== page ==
I read articles on here all the time about wedding photographers losing all of their gear while traveling, break-ins at studios, and general destruction of camera gear. In spite of all of this, I decided to cancel my equipment insurance.
Yes, I am still insured to the eyeballs in many other ways, but my gear insurance had got to a monthly payment point that was just eye-watering. My gear is insured old for new; in the UK, this is pretty much standard practice, as it saves the hassle of looking for the used value of kit and arguing over it. You pay more, but it's a good deal should anything bad happen.
How Much Gear Do I Own?
I own a lot. Not just a bag of lights and a bag of cameras, I am talking flight cases piled upon flight cases of gear. And yes, if I upgraded it all to the latest versions like my insurance does, it would be worth a small fortune. However, having recently had to have everything valued at its actual price, I had a bit of a shock. Replacing all of my gear with actual like-for-like gear really wouldn’t cost all that much. I tend to buy high-quality equipment where I can, and the benefit to this is that it lasts for years and years. Mix that with the lack of camera progression for still life studio photographers since about 2008, and you suddenly find yourself the proud owner of a lot of old gear.
What Can Go Wrong?
Cameras break for a million and one reasons, and they get stolen, as do lenses and lights. However, a massive studio salon stand isn’t really going anywhere. Neither are some of my monstrous light stands. So, not everything is at a high risk of needing to be claimed on. Yes, a fire could bring the studio down, but to be honest, those stands being covered is the least of my worries. A lot of this decision was based around looking at worst case scenarios. Questions like “If I lost everything today, what would it take to be operational by tomorrow?” Most of the answers were not as expensive as I had been led to believe.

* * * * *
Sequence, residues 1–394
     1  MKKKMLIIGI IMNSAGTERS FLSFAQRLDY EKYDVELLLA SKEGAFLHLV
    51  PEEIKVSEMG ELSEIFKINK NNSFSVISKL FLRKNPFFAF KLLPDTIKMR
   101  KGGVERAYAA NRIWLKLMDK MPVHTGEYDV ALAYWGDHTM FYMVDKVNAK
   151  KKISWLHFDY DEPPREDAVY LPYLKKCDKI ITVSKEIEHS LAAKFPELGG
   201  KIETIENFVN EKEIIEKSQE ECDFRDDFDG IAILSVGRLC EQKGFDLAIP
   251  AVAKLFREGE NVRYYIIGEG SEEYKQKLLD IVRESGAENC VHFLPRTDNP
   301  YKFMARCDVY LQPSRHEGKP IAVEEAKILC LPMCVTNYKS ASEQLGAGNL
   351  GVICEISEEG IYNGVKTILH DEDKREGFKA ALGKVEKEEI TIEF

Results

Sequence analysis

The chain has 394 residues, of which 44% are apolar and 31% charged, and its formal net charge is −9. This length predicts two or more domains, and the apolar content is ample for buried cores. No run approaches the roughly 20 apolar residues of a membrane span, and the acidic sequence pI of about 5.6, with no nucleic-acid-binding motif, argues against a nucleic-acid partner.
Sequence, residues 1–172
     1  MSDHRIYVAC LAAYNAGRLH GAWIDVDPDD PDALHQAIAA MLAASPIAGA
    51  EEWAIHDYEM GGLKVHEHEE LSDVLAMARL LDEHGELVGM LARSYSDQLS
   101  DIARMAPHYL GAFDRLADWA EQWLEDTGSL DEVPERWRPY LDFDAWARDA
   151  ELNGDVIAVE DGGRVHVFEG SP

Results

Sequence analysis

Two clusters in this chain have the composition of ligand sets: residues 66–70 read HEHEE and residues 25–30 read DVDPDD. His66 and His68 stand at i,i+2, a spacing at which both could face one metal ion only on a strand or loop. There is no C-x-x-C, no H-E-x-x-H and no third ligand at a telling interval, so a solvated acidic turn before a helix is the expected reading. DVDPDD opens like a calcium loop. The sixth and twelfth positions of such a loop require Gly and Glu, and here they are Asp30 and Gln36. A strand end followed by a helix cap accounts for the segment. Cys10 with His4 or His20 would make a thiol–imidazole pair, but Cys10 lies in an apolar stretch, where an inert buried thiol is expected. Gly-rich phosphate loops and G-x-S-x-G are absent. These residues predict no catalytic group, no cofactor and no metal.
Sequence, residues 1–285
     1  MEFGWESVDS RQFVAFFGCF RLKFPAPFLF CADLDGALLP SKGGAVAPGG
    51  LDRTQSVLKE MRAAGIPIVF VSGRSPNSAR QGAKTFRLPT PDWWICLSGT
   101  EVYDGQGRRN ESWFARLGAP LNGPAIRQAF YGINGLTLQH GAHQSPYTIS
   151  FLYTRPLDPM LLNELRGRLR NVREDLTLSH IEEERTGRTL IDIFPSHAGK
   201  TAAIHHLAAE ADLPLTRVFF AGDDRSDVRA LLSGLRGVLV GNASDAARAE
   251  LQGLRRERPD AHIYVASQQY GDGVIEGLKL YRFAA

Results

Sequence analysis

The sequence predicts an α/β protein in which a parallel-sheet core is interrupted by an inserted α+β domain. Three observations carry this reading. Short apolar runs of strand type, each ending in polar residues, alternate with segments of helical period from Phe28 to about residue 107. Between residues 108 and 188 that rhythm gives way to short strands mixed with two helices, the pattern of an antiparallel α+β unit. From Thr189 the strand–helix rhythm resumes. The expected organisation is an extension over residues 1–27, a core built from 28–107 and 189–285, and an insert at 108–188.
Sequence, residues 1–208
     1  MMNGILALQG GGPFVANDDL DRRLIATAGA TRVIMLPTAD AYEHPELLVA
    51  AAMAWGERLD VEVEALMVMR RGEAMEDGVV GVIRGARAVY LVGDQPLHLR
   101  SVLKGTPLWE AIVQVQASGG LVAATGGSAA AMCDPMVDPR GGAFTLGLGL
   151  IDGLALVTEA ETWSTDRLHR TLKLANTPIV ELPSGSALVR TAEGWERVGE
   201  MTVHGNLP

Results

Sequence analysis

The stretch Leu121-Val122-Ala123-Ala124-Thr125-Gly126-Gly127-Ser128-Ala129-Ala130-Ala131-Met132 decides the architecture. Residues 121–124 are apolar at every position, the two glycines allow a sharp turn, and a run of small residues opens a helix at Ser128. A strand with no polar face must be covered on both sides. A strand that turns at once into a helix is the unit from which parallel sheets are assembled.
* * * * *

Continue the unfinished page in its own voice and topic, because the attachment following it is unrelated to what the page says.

What Was I Insuring?
Over the years, I have been insuring against the highest value of equipment that my kit has ever fetched. There is no devaluation in the type of insurance I have. I am sure it is possible to insure like for like when you only have a bag of cameras, but when you have so many lenses that you often forget you own them (I have rented lenses and then found I already have them in the past) and so many lights that they are stored in flight cases that could fit an adult, the options that you have change, as do the prices. So, for a decade, I have been insuring against items that have a value that I don’t actually need to get my job done. Buying the latest Canon camera won’t make any difference to the work I do.
How Am I Protected Now?
So, the money I was paying to an insurance company is now going into a savings account. The savings account has a sum of money within it that bails me out should everything vanish overnight. I could buy all of the gear I need to get me up and running again straight away. These purchases would be secondhand and not brand new, so like for like, unlike old for new. After six years, this account will have enough money in it to replace everything of importance brand new or to buy everything I own several times over.
This is obviously not a foolproof plan, nor is it a plan that anyone should take on without consideration. However, work out how much you are currently paying on your insurance per year. Work out what the current used value of your kit is, and have a look to see if that money is sat aside somewhere already. If so, it might be something that you want to look into. If you find that you have no savings and a lot of valuable equipment, then sticking with traditional insurance is probably the best plan of action.